* The true meaning of agape love is disputed and therefore not fully understood by all * Selfish motives can spoil the whole concept of true unconditional love * The world is corrupt due to man’s sinful nature * People may (and do) make mistakes when determining the consequences of their action in terms of how much love, who is affected, and whether or not ‘love’s purpose is served’ * In extreme cases: anarchy * The subjective nature of this type of decision-making theory holds all sorts of problems in itself (e.g. due to pressured circumstances, etc.) * Some Christians and non-Christians do not accept that ‘God is Love’ * For Christians:Only God has a perfect way of determining what is right and wrong|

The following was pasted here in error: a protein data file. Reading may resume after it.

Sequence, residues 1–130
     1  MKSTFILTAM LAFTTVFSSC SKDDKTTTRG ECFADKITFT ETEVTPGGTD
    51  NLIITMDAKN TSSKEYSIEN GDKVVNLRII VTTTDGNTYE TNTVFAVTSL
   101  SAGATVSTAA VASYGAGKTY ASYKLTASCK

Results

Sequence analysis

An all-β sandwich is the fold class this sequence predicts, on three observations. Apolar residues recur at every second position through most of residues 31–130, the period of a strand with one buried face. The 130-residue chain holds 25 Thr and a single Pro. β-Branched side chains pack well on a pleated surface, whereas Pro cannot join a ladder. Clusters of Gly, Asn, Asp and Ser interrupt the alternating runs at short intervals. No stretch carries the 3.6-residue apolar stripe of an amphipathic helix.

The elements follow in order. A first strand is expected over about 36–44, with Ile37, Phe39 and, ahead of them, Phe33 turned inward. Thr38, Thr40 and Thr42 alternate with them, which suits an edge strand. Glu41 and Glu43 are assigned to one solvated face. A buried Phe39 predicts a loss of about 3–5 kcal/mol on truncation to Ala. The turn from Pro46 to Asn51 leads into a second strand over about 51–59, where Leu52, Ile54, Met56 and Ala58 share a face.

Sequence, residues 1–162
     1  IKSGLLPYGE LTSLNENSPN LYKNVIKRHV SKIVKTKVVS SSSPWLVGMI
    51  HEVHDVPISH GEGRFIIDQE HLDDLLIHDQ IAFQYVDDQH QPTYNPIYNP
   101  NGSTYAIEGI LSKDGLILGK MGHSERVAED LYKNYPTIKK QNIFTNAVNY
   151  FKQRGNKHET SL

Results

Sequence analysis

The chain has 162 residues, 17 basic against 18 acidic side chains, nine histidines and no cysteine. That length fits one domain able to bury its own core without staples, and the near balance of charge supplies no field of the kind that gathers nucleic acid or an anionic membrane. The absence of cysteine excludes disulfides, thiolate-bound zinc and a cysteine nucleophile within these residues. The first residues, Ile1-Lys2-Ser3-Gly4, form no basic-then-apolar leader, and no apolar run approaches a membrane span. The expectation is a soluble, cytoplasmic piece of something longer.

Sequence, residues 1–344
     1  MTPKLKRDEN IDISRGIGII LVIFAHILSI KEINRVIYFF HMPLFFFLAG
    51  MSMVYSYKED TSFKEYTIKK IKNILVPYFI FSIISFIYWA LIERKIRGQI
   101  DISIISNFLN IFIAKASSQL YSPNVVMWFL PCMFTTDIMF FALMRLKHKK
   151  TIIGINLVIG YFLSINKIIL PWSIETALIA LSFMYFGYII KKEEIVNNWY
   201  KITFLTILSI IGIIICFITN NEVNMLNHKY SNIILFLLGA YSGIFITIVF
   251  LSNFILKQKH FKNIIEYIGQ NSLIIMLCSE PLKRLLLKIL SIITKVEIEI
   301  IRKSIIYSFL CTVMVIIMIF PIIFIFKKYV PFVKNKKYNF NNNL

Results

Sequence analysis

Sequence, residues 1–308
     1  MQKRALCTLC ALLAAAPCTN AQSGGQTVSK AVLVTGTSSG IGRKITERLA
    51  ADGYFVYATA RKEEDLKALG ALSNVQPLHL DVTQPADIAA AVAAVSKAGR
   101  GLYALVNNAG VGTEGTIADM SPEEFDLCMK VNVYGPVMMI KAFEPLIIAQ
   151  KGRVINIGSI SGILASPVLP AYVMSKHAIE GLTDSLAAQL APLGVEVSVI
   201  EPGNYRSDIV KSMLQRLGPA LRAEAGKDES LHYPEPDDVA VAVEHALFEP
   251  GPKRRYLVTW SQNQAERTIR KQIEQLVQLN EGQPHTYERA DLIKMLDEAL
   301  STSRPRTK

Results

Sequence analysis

The opposing views of Bishop John A T Robinson and William Barclay: Bishop John A T Robinson (1963):| William Barclay (1980):| * Jesus’ teachings as in the Bible are not binding laws, they are just accounts of specific situations (a liberal interpretation of the Bible) * Love is more important than a literal following of Jesus’ ‘Sermon on the Mount’| * Situation Ethics is wrong in saying that nothing is ‘black and white’ in terms of morality * It is a highly dangerous idea to remove all set moral values, as this would lead us down the very slippery slope of confusion over what is good and bad